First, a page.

This class, “Recorded Sound,” aims to be the answer.  It’s goal is to teach artists how to listen critically to music from across history and genres in order to identify the production techniques that they hear, and reproduce those elements using modern technology so they can be incorporated into the artist’s own musical works. 

Fall 2020: MUSI GU4630
Course Number Section/Call Number Times/Location Instructor Points Enrollment
MUSI 4630 001/11137 M 1:10pm - 4:00pm
317 Prentis Hall
Seth Cluett 3 11/15

MUSI GU4801 Music and the Electrical Imaginary. 3 points.

This undergraduate seminar explores the long history of how people have imagined the relationship between music and electricity. An interdisciplinary seminar, this course uses methodologies from historical musicology, ethnomusicology, and science and technology studies to map the scientific concepts, technological instruments, and musical practices that have contributed to what is now an abstract noun:

“electronic music.” Beginning with early modern fantasies of magnetic and electrical music, it continues through 19th century developments in acoustics and electroacoustics; examines early 20th century systems of networked electrical control and communication; explores the consequences of magnetic audio tape; surveys electronic music studios in Cologne, Buenos Aires, Toronto, New York, and San Francisco; traces

the development of voltage-controlled synthesizers in the 1960s; meditates on music, mathematics, and mysticism; and historically situates the development of computer music. This course is intended to foster interdisciplinary dialogue between students interested in the study of music (including historians, ethnomusicologists, theorists, and composers) and the study of science and technology (including historians, researchers, and engineers).

MUSI GU4802 Sound, Music and Death. 3 points.

This seminar is an exploration of the roles of sound and music play in people’s attempts to grapple with death and its many auras. We will read literature from ethnomusicology, anthropology, and sound studies, and listen to musics from many parts of the world, so as to investigate how 1) the processes of aging, decay, and mourning; 2) metaphorical deaths including war and exile; and 3) imaginations of afterlives resound among the living.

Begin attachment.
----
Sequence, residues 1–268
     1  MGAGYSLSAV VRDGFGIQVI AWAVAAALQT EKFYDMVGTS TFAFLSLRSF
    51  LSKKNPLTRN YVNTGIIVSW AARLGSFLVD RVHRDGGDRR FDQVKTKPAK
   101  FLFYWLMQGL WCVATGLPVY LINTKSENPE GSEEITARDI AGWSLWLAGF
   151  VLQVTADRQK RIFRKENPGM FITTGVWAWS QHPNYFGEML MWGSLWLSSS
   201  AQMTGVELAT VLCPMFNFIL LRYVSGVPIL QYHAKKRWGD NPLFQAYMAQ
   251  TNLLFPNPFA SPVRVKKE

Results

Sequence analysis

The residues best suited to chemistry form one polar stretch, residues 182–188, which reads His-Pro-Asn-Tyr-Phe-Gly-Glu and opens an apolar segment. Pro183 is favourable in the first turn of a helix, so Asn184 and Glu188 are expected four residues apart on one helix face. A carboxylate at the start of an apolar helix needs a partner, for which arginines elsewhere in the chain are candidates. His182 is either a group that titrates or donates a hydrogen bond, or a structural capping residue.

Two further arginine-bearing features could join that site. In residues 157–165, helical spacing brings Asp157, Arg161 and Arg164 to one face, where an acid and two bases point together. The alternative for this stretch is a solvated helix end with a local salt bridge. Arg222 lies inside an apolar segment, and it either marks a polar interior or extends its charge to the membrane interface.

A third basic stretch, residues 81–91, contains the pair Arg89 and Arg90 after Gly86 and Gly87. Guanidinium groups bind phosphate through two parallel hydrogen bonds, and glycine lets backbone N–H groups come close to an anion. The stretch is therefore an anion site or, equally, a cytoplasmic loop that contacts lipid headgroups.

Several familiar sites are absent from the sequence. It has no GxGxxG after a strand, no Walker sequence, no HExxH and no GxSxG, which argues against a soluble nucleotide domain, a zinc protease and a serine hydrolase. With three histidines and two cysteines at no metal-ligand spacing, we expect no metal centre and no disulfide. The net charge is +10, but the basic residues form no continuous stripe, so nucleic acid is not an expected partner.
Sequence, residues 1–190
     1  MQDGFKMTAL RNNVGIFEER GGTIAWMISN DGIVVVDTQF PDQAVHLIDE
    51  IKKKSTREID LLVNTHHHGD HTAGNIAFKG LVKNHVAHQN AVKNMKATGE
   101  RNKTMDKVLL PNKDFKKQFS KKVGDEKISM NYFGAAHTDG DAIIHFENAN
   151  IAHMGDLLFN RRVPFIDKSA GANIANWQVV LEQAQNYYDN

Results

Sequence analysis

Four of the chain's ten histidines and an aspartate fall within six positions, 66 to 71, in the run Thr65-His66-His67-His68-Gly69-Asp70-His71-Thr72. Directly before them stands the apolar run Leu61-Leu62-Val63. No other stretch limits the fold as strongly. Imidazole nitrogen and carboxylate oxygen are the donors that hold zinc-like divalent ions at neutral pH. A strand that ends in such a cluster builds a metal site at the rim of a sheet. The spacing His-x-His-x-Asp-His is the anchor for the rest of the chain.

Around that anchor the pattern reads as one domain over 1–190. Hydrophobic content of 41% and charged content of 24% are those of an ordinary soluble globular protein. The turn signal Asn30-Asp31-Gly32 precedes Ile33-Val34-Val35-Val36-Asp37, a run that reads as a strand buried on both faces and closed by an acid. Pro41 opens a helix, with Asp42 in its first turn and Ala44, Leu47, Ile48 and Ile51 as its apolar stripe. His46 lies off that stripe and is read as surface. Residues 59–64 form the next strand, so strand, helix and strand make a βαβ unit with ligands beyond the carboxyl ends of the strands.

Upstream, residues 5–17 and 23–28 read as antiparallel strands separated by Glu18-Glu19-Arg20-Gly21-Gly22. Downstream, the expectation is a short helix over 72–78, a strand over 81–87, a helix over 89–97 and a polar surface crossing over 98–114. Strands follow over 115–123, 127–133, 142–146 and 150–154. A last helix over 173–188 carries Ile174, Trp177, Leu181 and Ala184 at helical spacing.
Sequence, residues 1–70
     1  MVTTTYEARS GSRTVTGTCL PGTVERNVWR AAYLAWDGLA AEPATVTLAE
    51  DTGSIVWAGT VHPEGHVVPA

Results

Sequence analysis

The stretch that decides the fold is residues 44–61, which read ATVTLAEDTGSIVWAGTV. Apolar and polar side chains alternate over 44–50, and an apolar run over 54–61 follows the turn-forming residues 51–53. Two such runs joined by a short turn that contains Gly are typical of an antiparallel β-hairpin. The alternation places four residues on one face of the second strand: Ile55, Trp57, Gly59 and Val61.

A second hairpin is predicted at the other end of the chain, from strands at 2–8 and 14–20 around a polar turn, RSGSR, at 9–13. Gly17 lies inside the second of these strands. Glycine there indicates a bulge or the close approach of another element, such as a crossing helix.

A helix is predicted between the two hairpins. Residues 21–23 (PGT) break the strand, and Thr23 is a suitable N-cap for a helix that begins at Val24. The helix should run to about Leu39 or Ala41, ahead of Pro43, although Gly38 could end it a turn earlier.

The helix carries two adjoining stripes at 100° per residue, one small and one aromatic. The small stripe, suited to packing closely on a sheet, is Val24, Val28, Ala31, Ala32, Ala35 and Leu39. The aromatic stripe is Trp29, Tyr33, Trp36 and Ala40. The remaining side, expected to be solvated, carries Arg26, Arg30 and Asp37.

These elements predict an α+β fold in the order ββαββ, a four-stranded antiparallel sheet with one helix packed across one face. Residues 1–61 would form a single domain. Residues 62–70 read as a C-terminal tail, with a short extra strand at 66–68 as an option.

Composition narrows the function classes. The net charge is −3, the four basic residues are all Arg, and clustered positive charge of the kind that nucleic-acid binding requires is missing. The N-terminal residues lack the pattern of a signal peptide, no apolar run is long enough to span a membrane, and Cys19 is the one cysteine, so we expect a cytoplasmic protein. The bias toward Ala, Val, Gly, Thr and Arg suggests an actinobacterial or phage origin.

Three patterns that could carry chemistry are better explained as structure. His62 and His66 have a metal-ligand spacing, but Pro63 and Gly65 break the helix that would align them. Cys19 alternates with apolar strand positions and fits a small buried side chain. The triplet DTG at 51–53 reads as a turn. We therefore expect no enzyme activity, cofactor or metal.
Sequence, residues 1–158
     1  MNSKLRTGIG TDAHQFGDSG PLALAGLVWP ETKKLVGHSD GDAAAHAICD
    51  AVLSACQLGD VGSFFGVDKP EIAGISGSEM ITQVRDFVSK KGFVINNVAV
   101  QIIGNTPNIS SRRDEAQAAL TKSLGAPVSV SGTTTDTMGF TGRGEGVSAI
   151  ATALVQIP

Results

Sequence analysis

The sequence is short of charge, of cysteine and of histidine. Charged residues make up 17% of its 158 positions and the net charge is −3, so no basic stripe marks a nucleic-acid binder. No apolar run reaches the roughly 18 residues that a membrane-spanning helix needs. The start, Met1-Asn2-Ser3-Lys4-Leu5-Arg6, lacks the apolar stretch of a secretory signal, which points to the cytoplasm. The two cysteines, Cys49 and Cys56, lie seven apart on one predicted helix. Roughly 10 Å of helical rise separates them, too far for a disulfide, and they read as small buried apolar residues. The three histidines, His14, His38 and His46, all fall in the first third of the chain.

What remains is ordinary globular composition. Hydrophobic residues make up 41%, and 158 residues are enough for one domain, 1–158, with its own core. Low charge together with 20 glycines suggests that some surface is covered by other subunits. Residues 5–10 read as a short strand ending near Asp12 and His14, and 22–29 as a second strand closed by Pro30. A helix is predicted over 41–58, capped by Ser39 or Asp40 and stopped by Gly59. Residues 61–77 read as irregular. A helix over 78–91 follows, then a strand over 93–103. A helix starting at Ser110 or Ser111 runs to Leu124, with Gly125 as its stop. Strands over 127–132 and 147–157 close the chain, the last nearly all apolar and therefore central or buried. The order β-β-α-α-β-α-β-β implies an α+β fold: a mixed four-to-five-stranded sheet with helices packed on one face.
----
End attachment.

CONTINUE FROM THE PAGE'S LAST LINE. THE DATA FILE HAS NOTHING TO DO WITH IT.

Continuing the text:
MUSI GU4810 Sound: Foundations . 3 points.

This foundational course in sound will begin by exploring how listening happens as well the tools necessary capture and present that listening. Through hands-on experimentation and demonstration, this seminar will examine both the technical and semiotic use of sound as a

material within creative practice. Fundamental studio techniques will be explored including soldering for building cables, microphones, and loudspeakers. We will also explore the building blocks of analog and digital processes for the creation of sound, including microphones (types, patterns, and placement), basic synthesis, and techniques for recording, mixing, editing, and mastering. Through creative projects that implement these skills we will learn by doing. We will study theories of sound and listening that determine or are determined by technology, from the physical and social dimensions of the sounds we use to create, language (sound as a symbol or object), acoustics (sound in space), acousmatics (sound without a visual reference), and psycho-acoustics (sound as cognitive process). This class assumes no prior knowledge or technical skill. Some reading will be assigned and we will look and listen to a lot of work, students are encouraged to participate actively in discussions.

Fall 2020: MUSI GU4810
Course Number Section/Call Number Times/Location Instructor Points Enrollment
MUSI 4810 001/11138 M 6:10pm - 8:00pm
324 Prentis Hall
Seth Cluett 3 11/15